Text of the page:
There is some disagreement among the three of us over exactly where it happened -- which kitchen it was that needed redecorating afterwards -- but the event itself is beyond dispute, despite the seventy-some years that seem to have intervened. The plan was to surprise our parents, and in that we succeeded beyond our wildest dreams.
It was summertime, August probably, and we were alone in the house; but which house? Was it the gatehouse to the mansion where some remote and forbidding old woman lived in solitary splendor -- my first cousin twice removed, so Ancestry.com tells me, making us much closer in cyberspace than we ever were in reality -- or upstairs in my grandparents’ house, where I did the rest of my growing up? Whichever it was, one thing is certain: our parents made terrible choices about where to raise their three children.
I know it was summer because we’d been picking blackberries. This was England in the late 1940s, and the remnants of wartime rationing were still in effect. Candy rationing was the last to go; the last that a four-year-old boy cared about, anyway. I have long suspected that this was a deliberate government policy, designed to drag out the privations of that awful war to teach the new generation just how grueling life could be. And it worked: for seventy years, I have fought the lure of asceticism.
But summertime brought blackberries -- in a good year, anyway -- and every country road was lined with hedgerows bursting with bushes. This was before the hedgerows were sacrificed on the altar of capitalism, along with free blackberries, many song birds, and part of the soul of the English countryside. My brother, sister and I must have braved the brambles, the hidden roadside ditches and the stinging nettles -- Britain’s answer to poison ivy -- to collect our treasure trove. I imagine us picking into baskets, since the ubiquitous and indestructible plastic bag lay in the future. How quaint!
We would have carried our bounty back to one or other house, our mouths purple with blackberry juice. How easy it is to create memories! And once there... what?
“We’ll cook them! Let’s have blackberries and ice cream.”
“We don’t have any ice cream.”
Of course not; we didn’t even have a fridge, let alone a freezer.
“How ‘bout blackberry and apple?”
“Do we have any apples?”
Of course we did. One of the mysteries of my youth is where -- and why -- each year, my father found a bushel or more of Cox’s Orange Pippins. (Doubtless God could have created a better apple, but doubtless He never did.) Each apple was wrapped in tissue paper and reverently laid to rest in what we called -- inaccurately, I now discover -- the Wickeltisch. (Maybe winning the war gave us the right to subvert their language?) From its place of storage in the cold-water tank cupboard, the misnamed Wickeltisch nourished us with fresh apples throughout the winter, helping our daily spoonful of National Health Service orange juice keep the dreaded scurvy at bay. We limeys may have crooked teeth, but at least they don’t fall out.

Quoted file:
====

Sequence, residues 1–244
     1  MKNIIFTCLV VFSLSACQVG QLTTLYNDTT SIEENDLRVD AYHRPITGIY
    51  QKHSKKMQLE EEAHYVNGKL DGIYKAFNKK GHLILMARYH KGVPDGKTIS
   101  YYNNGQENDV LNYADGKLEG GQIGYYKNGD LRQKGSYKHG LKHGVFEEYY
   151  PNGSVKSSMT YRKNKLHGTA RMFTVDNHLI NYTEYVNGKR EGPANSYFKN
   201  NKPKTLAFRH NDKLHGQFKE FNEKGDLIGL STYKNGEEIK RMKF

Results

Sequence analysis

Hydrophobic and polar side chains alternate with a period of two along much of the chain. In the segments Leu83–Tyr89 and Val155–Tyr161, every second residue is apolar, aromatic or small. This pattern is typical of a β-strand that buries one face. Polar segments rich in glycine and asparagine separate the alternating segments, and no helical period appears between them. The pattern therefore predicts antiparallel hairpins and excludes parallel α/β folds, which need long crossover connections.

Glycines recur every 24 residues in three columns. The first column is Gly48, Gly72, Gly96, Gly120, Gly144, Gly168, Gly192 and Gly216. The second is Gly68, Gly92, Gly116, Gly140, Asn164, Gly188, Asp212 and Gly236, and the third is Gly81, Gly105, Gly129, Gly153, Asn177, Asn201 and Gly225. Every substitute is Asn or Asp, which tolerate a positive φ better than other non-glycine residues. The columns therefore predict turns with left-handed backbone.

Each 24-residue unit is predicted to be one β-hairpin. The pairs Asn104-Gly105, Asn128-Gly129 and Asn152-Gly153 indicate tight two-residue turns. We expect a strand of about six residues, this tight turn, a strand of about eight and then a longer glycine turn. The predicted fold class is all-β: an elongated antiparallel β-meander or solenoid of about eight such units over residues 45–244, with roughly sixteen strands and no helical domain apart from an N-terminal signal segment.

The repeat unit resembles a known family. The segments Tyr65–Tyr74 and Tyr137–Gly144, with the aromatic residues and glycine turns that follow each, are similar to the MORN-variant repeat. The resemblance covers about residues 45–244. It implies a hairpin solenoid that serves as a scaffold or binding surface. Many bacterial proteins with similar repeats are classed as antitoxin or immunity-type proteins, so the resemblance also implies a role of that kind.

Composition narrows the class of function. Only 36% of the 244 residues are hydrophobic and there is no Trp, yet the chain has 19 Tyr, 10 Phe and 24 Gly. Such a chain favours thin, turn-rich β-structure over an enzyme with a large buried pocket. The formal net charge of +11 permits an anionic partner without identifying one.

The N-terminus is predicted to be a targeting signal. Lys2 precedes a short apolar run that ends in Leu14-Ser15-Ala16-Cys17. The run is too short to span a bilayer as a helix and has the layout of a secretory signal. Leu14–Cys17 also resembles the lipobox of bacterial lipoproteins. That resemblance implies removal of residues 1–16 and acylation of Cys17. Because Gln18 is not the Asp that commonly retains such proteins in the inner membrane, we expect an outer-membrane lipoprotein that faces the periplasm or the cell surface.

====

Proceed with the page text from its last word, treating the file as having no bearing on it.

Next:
In those long-ago days, before globalization of the food chain, fresh fruit was seasonal, so maybe we raided the remnants of this precious store if the new crop of apples hadn’t yet arrived. In case there’s anyone on the planet who doesn’t already know this, blackberries and apples were made for each other. It’s the most convincing argument for the existence of God that I know of. Sex comes a close second, but that’s another story. They must be cooked together, of course, and in the right proportions. We knew this, my siblings and I, and moreover we had at our disposal the very latest culinary marvel: a pressure-cooker! A spin-off from the war -- the Department of Bomb Development, I suspect -- the pressure-cooker had taken the kitchens of Britain by storm. Before microwaves, before food-processors, before bread machines, there was the pressure-cooker. No late-1940s kitchen was complete without one.
‘Husbands, do you want the little woman to be the only one on your street without a pressure-cooker?’ Of course not!
It seemed easy enough: you just filled the saucepan to the very top with sliced apples and our precious blackberries, clamped down the air-tight lid with its innocent-looking little valve, and put it on the stove to heat. But ah, the impatience of youth!
“Did you put any water in?” my ten-year-old sister might have asked.
“I think so,” my brother, her senior by three years, would have replied.
“Well, is it boiling yet?
“How should I know?”
“Maybe it’ll change its tune, like a kettle.”
“I don’t think it’s working.”
None of us will admit to suggesting that we should check for progress by opening the pressure valve, but it must have seemed like a good idea at the time.
The purple fountain was magnificent. I can see it to this day: a blinding eruption that seemed to fill the kitchen, instantly painting the walls and ceiling a fetching and indelible shade of purple. Wikipedia lists over twenty shades of the color, but none of them come close to the blackberry-and-apple of my youth.
I would like to remember that we danced around the spouting geyser like Macbeth’s three witches, chanting:
Double, double, toil and trouble;
Walls and ceiling shall be purple!
But I suspect the reality is we were so horrified by what we had done that running away from home seemed like the only option. We didn’t, of course.
Issues 4 & 5
To request your story to be removed from online publication: EMAIL US